Must list has a big hole in it around Antbirds.

Glad to hear that you had a good, quick trip to Costa Rica. So many birds to see! I have been to El Toucanet some years ago but hope to get there sometime again soon because I keep hearing good things about the place. Would be good to do a post about the place. Glad to hear you liked Cerro Lodge too-nice place with a nice owner who in interested in conservation. Oh and the birding is pretty darn good too!

I would be happy to guide you on your next trip. On my first trip to Costa Rica, like many birders, I was so looking forward to seeing all of these interesting looking antbirds and antpittas. At the end of three weeks though, I also had a huge whole in my antbird list (I only had three species -Black-hooded Antshrike, Russet Antshrike, and Dot-winged Antwren) and left the country feeling absolutely intrigued about neotropical birds and the differences between birding in the tropics and in temperate zones. Since that first trip in 1992, I eventually learned how to see antbirds, tinamous, quail-doves, curassows, forest falcons, and other neotropical groups of birds but it took a while and I actually still learn more about the complex habitats where they are found every time I go birding.

Great Curassow (0-3) is a nemesis, as is Volcano Hummingbird (0-2). Tinamous I’ve manage to hear 2 but seen 0, using tape I had one so close I thought I could reach into the bushes and touch it. Raptors in CR frustrate me because they don’t soar, as a hawk counter for several years in the PA and NJ I want my raptors over my head in flight not perched like and owl in a tree, hard to find, hard to ID. lol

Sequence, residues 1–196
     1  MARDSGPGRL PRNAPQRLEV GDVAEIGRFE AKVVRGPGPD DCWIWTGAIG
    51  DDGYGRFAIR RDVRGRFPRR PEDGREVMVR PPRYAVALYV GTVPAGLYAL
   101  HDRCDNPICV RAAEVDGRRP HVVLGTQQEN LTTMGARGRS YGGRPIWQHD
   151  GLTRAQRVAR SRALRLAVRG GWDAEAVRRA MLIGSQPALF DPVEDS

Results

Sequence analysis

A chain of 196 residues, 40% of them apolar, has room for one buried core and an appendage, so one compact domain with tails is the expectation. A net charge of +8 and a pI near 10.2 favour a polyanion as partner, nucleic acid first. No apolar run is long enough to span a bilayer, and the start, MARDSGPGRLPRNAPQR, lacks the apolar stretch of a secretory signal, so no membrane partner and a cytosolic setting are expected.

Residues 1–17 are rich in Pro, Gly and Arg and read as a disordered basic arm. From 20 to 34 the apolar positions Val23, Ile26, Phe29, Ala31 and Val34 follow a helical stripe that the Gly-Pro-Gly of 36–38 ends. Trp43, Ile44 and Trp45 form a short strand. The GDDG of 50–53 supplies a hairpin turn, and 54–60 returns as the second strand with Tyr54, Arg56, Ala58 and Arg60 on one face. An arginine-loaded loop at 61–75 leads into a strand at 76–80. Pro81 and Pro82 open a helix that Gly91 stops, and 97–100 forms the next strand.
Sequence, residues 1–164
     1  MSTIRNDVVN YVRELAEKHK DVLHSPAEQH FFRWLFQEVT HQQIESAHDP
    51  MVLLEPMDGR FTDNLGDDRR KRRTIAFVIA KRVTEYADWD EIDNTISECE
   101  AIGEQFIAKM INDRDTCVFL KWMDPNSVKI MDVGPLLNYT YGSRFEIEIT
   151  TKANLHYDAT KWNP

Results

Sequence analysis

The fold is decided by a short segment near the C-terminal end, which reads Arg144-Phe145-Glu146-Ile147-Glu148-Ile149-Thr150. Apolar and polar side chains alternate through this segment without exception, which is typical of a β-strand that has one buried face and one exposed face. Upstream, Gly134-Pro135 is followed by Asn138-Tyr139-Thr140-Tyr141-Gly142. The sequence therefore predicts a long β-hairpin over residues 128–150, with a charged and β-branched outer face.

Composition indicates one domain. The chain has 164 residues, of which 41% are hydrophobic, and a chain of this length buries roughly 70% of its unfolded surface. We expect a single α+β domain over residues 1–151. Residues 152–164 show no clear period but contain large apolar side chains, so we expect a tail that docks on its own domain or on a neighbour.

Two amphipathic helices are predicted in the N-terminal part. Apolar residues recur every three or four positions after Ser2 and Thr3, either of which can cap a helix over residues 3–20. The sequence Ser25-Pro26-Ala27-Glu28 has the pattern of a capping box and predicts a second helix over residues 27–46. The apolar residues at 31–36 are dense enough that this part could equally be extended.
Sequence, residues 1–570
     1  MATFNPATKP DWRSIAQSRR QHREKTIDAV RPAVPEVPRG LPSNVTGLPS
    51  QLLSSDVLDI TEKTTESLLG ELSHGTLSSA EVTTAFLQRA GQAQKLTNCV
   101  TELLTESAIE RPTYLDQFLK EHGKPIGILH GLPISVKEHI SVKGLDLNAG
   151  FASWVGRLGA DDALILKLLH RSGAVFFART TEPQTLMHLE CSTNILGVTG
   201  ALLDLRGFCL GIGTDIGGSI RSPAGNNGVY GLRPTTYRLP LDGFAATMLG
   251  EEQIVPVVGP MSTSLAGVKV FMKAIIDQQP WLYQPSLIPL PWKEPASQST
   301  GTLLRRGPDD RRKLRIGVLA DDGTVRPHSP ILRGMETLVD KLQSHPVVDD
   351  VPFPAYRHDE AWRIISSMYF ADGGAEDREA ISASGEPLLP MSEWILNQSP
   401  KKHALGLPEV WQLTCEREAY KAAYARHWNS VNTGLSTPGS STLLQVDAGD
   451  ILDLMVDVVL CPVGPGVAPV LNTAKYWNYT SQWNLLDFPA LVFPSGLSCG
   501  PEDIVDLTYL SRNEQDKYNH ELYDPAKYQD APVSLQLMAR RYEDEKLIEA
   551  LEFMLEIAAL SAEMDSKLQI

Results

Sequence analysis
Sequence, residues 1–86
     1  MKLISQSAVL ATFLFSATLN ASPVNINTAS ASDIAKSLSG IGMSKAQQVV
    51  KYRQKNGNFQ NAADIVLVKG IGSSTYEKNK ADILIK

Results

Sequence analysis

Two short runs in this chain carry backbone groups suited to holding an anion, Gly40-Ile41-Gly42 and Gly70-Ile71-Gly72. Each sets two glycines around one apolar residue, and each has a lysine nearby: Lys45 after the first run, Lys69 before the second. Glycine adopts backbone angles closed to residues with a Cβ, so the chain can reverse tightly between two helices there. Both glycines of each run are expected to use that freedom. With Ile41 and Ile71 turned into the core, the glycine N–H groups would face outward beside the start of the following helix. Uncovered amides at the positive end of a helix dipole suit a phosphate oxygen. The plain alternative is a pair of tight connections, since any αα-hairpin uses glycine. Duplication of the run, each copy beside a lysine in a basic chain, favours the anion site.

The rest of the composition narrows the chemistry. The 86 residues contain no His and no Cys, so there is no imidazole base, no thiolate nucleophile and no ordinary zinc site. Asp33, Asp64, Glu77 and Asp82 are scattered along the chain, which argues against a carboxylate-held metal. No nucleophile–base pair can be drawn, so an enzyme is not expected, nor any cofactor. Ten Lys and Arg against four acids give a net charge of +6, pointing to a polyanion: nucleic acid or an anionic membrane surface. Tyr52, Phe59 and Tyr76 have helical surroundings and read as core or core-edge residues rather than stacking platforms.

Cerro Lodge was great birding, wish they had some feeders around to bring some bird in closer. The bathrooms are the most awesome thing though, such a cool idea. We had a Black & White Owl while there which was one of the top bird of the trip. Scarlet Macaws were nice but I’d seen them before in Ecuador.

My 2 birding friends had never birded outside of Florida since getting into birding, I think they had like 200 lifers, I got only 94 this time, I had 99 in February which was my first trip to CR. They are already talking about going back again.

I am hoping I can make it an annual trip since it is fairly cheap to go for a week and the birding is great. Mexico might be the only place with lots of birds that I can fly to cheaper but no where near as beautiful. i keep saying I am going to move there someday.